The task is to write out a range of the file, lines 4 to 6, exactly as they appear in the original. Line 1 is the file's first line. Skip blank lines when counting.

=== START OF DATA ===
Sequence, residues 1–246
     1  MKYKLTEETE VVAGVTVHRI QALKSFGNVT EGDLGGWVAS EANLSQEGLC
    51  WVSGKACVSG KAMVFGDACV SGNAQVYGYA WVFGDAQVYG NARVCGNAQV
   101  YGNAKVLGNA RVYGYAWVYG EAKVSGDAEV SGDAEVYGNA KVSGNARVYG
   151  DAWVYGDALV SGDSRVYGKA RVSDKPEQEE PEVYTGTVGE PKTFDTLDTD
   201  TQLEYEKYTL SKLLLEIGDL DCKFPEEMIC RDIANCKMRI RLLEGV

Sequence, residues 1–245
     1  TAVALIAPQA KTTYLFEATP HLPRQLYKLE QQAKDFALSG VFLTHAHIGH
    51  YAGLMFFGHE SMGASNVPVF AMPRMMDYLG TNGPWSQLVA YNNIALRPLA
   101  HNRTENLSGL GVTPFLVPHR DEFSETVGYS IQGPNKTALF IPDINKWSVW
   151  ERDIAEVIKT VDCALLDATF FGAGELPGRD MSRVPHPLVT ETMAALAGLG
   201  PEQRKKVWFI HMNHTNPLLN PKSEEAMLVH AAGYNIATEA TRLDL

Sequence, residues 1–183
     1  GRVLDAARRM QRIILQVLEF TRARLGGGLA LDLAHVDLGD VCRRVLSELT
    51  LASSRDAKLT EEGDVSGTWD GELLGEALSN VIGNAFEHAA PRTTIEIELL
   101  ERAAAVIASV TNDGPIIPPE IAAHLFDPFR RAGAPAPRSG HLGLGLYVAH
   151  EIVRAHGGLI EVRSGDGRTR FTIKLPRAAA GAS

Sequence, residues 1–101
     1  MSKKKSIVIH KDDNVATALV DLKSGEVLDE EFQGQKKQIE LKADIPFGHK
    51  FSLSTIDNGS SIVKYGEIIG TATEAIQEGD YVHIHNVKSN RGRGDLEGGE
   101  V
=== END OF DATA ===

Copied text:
   101  YGNAKVLGNA RVYGYAWVYG EAKVSGDAEV SGDAEVYGNA KVSGNARVYG
   151  DAWVYGDALV SGDSRVYGKA RVSDKPEQEE PEVYTGTVGE PKTFDTLDTD
   201  TQLEYEKYTL SKLLLEIGDL DCKFPEEMIC RDIANCKMRI RLLEGV